I don't view it as the designer's responsibility. If someone follows anything so intensely that they have a perceived "gospel" for it, it isn't another person's responsibility to curate unreasonable expectations. There is room for all at tables, so long as they are fun-first for all, not just themselves. People will be dissatisfied no matter what someone chooses to do or not do. I'm not interested in sitting at a table where a GM feels "obligated" to play a certain way because they are trying to please people with the least healthy perspective.  I find that more enabling than empathetic.This is the exact reason my friend group stopped attending Cons. We were sick of other people telling us how we "should" feel. I don't think a lot of gamers understand how much "canonism" contributes to death of games and anxiety at Cons. It is often wielded like a hammer to exclude/discourage variant perspectives and styles at tables.

That said, I started this thread because I want to give my group a great experience running RQ the first time, and I know my players. That means finding a good balance of factors based upon where they are, not where I wish they were. Any new GM should ask the question: What are my player's approaches to fun and how can I craft a reasonable balance that will be fun for everyone? If one player's canon-focus is wrecking it for everyone else? No thanks.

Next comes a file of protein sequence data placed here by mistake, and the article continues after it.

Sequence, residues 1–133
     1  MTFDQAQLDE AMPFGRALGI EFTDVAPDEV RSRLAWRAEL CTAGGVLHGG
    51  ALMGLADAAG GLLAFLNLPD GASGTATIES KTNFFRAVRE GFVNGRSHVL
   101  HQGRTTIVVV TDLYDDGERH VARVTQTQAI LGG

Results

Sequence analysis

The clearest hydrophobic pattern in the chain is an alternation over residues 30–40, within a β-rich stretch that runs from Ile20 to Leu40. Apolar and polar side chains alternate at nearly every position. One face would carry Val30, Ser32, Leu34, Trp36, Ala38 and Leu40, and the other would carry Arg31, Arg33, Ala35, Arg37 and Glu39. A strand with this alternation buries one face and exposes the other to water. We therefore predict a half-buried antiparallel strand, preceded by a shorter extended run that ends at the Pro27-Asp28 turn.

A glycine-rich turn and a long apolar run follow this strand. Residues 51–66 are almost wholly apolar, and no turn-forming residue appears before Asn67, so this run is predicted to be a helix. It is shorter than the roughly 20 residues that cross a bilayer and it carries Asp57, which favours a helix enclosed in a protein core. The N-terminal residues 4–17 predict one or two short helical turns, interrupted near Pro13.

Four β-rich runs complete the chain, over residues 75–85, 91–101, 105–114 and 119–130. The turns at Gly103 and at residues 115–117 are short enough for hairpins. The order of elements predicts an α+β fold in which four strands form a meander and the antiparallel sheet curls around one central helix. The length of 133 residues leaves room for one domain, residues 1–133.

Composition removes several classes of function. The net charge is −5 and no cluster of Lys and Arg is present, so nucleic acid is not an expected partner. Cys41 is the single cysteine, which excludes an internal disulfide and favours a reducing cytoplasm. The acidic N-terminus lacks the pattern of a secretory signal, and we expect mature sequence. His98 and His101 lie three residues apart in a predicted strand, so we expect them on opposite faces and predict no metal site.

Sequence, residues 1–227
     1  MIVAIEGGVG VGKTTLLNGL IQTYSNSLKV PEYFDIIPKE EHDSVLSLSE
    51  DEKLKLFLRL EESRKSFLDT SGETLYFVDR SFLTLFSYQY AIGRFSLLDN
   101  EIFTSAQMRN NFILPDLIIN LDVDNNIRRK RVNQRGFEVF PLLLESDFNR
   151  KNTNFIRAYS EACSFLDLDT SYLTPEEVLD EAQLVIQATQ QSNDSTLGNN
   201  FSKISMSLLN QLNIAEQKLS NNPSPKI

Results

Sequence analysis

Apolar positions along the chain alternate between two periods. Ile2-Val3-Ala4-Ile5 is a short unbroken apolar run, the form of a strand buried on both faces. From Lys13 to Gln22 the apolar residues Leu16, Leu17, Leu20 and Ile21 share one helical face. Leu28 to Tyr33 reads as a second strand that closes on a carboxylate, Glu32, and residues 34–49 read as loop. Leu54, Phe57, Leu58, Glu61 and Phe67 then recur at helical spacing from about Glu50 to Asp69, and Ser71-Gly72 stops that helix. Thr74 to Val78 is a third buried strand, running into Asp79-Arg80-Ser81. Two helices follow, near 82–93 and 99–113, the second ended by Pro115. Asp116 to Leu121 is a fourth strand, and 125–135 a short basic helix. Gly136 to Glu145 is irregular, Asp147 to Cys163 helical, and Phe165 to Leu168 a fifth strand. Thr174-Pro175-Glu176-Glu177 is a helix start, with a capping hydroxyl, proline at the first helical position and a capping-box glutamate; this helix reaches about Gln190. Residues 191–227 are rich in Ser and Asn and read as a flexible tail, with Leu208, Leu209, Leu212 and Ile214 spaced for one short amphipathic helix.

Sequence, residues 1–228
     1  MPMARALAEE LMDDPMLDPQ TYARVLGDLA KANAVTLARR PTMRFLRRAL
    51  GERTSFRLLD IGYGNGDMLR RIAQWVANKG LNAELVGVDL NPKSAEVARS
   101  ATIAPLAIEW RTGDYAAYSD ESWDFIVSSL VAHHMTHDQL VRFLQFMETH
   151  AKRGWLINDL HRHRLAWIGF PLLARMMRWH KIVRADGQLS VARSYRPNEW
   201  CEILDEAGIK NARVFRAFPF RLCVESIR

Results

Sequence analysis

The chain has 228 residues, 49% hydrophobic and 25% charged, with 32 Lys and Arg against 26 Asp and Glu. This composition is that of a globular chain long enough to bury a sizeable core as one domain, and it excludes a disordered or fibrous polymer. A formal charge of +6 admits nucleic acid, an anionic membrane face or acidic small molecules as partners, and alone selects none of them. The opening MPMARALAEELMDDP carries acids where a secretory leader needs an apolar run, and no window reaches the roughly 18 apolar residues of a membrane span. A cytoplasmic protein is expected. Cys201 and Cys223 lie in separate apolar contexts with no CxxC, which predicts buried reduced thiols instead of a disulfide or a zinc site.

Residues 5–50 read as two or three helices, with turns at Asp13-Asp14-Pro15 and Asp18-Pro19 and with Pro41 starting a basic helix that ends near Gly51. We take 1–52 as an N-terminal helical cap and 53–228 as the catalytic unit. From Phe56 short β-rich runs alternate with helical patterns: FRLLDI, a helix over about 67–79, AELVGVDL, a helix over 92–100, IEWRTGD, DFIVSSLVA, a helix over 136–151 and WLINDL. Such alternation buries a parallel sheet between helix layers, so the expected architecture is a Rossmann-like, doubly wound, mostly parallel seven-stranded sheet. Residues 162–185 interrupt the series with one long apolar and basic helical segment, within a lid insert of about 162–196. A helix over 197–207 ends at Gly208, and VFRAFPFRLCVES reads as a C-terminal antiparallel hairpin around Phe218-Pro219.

Edited by klecser
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To answer the OP:  actually TEACH as little as possible.

- have as MUCH prepared for them as possible; like the pre-gens, have as much on that character sheet in terms of rules as you can.  Hell, I'd even have special/critical/fumble % for their main weapons written down.  Avoid looking crap up in the book.

- YOU have to be crazy-prepared.  Avoid looking crap up in the book.  Have everything you need at your fingertips (and in your brain) to maximize playing and minimize rules-searching.

- let the world and the adventure sell the game.  Let playing in the world be interesting, fun and intuitive.  Wing it if you have to. Avoid looking crap up in the book.

 

My point, if you haven't already gotten it is that "teaching the game" should be your last motivation.  People learn complex things by doing and stay with it because it's fun.  Better that they learn almost by accident than in some deliberate pedagogical exercise.